Amazon may have sold over a million Kindles and millions of e-books, but there’s another e-book reader that seems to be gaining some traction: the iPhone. And of the many e-book readers on the iPhone, ScrollMotion seems to be having real success with over 2,500 titles and counting. When we last wrote about ScrollMotion’s launch in December 2008, the App Store was a young lad and ScrollMotion had already signed up publishers Random House, Simon & Schuster, Houghton Mifflin, Penguin Group USA and Hachette. Now, with the App Store all grown up, ScrollMotion has expanded that repertoire and created a solid offering on the iPhone. Though they won’t disclose the actual sales numbers, CEO John Lema tells me they’ve sold more than a whopping 200,000 books on the store. Wowza – who ever said that screen was too small for reading?
Today, ScrollMotion releases Iceberg Reader [iTunes link], an update to their existing e-book reader that takes advantage of Apple’s in-app purchase feature. Previously, each of ScrollMotion’s e-books came as a separate app, which means that ScrollMotion has over 2,500 apps on the store [iTunes link]. Now, instead of having to get a separate app for each book, users can simply obtain Iceberg Reader 3.0 for free and then use the in-app bookstore to purchase additional titles. Iceberg Reader comes with a free copy of James Patterson’s Maximum Ride.
I’ve had the chance to test this app out over the last few days and it’s extremely well-done. The app allows you to write notes or place bookmarks in certain sections as well as browse the book through a table of contents or by selecting a specific page number. You can search the text of the book as well. The in-app store has tons of options and is divided into 32 categories including bestsellers, self-help, teen fiction, travel and history. The only complaint I have is that it was a bit difficult to figure out how to get to the table of contents and to the in-app store when you first open the app.
I’ll also add that the reading experience is better than Kindle for the iPhone. Specifically, the pages are much easier on the eyes because they have an off-white background instead of the Kindle’s pure white. The text was a lot more authentic, which is in line with what Lema told me is the goal of the company: to keep the reading experience the same as a real book. Obviously, the iPhone’s screen prevents that from becoming a reality, but the Iceberg Reader comes as close to paper as possible.
Many of us already read news on the iPhone, so reading books is not too much of a stretch. Granted, there are tons of dedicated e-book readers already on the market, but I don’t know that I want to walk around with a bulky Kindle, Nook or IREX when I’m on the go. For people like me, buying a book or two on the iPhone might make sense, though I can’t imagine having a large collection on my iPhone.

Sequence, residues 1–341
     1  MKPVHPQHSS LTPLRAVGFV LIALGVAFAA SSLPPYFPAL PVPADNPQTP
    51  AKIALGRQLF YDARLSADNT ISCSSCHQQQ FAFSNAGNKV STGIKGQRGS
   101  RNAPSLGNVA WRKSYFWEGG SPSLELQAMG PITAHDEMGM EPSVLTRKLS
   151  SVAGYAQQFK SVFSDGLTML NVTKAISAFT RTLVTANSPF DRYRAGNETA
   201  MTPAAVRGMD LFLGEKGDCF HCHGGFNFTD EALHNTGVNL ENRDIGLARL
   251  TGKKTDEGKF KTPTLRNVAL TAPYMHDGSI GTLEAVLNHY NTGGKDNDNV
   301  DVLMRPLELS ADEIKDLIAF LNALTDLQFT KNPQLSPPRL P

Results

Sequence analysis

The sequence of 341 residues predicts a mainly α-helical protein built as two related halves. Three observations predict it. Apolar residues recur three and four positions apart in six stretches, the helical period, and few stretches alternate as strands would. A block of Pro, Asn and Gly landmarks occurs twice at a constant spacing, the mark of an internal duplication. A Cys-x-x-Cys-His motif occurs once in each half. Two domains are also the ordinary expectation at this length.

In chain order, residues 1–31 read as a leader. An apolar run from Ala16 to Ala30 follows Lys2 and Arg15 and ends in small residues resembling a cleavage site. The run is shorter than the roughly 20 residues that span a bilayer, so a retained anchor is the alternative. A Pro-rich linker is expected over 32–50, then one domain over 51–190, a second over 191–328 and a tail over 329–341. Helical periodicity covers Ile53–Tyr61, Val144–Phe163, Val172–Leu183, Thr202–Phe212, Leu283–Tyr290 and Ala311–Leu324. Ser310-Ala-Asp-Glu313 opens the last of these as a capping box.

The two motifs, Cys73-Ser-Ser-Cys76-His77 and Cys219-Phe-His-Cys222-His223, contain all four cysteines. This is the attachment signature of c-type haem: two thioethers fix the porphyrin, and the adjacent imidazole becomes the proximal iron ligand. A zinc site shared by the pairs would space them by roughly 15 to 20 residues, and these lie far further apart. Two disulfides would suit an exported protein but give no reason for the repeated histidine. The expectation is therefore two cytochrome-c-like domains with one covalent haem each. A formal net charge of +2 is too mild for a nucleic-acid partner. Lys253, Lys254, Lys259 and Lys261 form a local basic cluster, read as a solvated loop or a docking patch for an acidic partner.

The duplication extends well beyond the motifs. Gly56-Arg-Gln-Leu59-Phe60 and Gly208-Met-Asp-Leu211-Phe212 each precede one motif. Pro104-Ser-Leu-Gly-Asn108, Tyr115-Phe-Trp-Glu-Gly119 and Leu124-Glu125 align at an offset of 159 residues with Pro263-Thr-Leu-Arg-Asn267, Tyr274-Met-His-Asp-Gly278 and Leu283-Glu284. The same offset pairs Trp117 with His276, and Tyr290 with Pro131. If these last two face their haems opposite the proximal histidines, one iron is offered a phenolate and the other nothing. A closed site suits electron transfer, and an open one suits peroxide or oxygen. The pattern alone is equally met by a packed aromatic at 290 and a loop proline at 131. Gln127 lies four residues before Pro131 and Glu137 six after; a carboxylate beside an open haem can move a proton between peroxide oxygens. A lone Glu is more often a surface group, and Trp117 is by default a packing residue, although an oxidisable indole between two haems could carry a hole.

That said, Amazon and Barnes and Noble both have apps on the store, and the big issue for ScrollMotion is that their books often cost more than in the Kindle store. For example, Dreams of My Father by Barack Obama costs $14.99 via ScrollMotion’s Iceberg Reader [iTunes link], but only $9.99 on the Kindle Store. Similarly, Malcolm Gladwell’s Outliers costs $9.99 on the Kindle Store, but a startling $19.99 on the Iceberg Reader. However, most non-bestsellers show no significant difference in price, so don’t expect the trend to continue when you try to buy books that aren’t as famous.
It seems like two major influences are causing the price difference. First, I have to assume that Amazon’s booming business affords it the ability to discount their books a lot more than a small publisher like ScrollMotion. Amazon’s sheer size and power is probably showing its face here; because they make money on selling the Kindle, they can sell premiere books such as New York Times Bestsellers at a loss. Just like Wal-Mart, Amazon is using “loss-leaders” to draw folks into their platform. Second, the Iceberg Reader’s in-app purchase still uses the iTunes store’s billing and payment system, which means Apple gets a 30% cut of the sales. The Kindle app, on the other hand, is free and you buy books directly from the Kindle Store. I assume that means they don’t give Apple anything. Bet Apple doesn’t like that too much. They’ve definitely shown their love for ScrollMotion, and may be their biggest advocate. They’ve featured ScrollMotion apps multiple times on the App Store, which can significantly improve app sales.
But despite the difficulties of taking on Amazon, ScrollMotion has sold over 200,000 books and that’s nothing to scoff at. Remember that most books are upwards of $10, which means they’ve sold almost $1 million worth of books. Add that to the fact that ScrollMotion has deals to create iPhone apps for People, Esquire, ESPN The Magazine, and Bon Appetit, and ScrollMotion is quietly running a successful indie publishing business on the iPhone. As ScrollMotion’s CEO puts it, “ScrollMotion’s goal is to allow people to read books wherever they are without destroying the experience.”